This case is a veritable study in what not to do concerning ESI. First, it is apparent that outside counsel for B&G failed to do their due diligence concerning ESI at the outset of the case. It appears that they did not understand exactly what had been collected, how it was collected and in what form. They subsequently made representations to the Court and opposing counsel regarding the ESI that were false. They also failed to object timely to the definition of ESI in the Defendant’s First Request for Production of Documents. Nor did they otherwise comply with the requirements of Fed. R. Civ. P. 34(b)(2)(E)(ii) which requires a party, where a request does not specify the form for producing ESI, to “produce it in a form or forms in which it is ordinarily maintained or in a reasonably usable form or forms.” Then they wrongly blamed the firm that previously represented B&G in the case.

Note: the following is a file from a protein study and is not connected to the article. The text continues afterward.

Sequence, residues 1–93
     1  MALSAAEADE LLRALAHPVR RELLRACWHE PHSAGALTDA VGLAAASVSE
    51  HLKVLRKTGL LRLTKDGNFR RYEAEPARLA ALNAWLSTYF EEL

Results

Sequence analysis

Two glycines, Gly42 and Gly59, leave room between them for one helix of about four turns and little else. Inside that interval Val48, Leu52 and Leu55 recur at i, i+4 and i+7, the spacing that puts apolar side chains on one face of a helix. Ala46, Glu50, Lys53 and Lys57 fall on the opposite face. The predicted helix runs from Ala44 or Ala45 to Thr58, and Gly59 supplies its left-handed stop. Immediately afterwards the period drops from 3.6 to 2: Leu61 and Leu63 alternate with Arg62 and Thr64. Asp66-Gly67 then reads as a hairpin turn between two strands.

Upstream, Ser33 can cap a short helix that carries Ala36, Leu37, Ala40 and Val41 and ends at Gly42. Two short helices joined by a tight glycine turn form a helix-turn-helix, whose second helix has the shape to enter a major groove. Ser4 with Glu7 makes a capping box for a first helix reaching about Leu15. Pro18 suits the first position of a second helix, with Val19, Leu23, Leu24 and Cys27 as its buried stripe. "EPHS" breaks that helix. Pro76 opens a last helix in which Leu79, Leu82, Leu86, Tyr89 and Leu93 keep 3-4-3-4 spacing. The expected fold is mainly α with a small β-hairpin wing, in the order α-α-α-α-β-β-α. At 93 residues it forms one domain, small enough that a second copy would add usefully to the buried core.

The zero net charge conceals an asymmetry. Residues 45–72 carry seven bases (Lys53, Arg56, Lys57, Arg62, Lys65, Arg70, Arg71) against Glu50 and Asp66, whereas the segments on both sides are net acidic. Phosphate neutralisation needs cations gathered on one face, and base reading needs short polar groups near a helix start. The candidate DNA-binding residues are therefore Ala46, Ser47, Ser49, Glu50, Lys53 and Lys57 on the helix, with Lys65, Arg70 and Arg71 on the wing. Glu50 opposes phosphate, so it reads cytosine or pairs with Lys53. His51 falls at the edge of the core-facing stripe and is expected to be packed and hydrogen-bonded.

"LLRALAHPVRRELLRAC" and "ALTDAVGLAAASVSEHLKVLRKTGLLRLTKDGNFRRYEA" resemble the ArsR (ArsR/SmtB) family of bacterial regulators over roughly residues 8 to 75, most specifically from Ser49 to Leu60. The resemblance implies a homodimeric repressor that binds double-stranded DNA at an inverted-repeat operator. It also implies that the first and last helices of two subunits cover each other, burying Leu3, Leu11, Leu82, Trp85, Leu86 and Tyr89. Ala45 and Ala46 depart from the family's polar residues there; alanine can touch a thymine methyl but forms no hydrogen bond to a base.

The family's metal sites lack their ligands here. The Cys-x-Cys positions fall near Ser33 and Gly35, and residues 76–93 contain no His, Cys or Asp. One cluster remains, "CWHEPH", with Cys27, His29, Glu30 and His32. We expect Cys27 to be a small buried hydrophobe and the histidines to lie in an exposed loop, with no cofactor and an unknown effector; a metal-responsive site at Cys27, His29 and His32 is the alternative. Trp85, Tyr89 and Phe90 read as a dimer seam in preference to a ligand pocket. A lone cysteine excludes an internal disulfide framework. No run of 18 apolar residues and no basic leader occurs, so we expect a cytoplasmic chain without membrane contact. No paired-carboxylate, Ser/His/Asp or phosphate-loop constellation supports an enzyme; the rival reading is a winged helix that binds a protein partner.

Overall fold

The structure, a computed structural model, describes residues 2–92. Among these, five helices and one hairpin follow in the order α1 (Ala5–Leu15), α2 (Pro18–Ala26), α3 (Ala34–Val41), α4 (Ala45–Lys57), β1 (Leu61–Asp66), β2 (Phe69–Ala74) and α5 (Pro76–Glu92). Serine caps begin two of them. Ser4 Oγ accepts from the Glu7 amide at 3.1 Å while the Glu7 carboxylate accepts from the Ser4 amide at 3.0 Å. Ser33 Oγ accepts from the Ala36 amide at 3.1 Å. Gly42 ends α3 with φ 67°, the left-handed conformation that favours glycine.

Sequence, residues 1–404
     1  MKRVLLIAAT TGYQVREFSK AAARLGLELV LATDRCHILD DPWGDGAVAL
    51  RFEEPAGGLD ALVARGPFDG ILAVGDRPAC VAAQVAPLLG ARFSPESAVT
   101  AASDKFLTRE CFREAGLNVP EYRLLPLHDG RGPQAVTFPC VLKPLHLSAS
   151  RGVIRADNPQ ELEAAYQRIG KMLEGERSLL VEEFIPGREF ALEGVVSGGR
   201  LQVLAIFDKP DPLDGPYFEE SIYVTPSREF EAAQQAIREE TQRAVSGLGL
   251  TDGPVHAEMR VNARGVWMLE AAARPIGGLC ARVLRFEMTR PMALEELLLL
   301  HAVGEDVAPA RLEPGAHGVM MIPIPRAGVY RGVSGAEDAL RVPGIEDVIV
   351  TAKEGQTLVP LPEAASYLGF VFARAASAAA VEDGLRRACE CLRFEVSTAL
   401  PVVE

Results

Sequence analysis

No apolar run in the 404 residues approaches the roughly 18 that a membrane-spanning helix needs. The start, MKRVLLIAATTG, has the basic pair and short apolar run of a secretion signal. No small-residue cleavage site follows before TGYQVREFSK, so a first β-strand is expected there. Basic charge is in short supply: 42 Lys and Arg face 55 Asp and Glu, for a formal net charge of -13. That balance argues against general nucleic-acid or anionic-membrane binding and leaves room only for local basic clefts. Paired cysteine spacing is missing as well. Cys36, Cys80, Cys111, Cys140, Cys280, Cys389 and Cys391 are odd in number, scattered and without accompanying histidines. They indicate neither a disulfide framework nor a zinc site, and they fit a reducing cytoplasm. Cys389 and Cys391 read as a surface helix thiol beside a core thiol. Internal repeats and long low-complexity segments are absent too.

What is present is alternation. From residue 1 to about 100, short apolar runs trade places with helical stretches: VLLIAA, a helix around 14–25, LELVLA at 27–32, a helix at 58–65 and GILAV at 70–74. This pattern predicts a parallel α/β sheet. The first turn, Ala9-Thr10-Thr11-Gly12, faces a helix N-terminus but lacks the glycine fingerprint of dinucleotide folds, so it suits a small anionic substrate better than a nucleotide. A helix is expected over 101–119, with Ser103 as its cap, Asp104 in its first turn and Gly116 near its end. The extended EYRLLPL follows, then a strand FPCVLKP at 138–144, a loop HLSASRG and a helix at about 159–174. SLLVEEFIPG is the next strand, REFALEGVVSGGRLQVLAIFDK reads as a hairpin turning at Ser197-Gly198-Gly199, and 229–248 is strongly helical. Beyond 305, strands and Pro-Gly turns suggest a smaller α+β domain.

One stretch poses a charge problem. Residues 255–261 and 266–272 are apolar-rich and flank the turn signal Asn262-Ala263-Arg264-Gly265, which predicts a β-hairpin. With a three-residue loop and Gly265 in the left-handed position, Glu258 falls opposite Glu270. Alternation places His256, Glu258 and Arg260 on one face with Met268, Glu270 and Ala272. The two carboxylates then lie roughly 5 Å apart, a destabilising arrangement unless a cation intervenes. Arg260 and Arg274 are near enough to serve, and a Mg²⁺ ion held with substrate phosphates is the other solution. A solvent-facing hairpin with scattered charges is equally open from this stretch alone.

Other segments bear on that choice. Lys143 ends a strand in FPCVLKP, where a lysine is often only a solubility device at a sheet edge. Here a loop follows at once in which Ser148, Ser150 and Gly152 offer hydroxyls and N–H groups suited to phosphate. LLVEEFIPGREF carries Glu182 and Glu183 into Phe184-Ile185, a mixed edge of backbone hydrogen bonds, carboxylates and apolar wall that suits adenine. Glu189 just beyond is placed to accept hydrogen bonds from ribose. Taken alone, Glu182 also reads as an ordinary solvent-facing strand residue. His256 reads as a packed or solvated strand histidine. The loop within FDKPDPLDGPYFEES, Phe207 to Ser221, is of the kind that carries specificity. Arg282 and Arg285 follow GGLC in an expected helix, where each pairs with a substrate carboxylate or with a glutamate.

Bray & Gillespie Management LLC, et al. v. Lexington Insurance Company, et al., No. 6:07-cv-222-Orl-35KRS 2009 LEXIS 21250 *72 (M.D. Fl Mar. 4, 2009).
 Id. at 75-76.
 Id. at 9.
 Id. at 6.
 Id. at 6-7.
 Id. at 10
 Id. at 21, 26.
 Id. at 12.
 Id. at 14-15.
 Id. at 16-21.
 Id. at 22-23.
 Id. at 25.
 Id. at 24-28.
 Id. at 33.
 Id. at 35.
 Id. at 36.
 Id. at 37-38.
 Id. at 39-46.
 Id. at 42.
 Id. at 63-64.
 Id. at 65-79.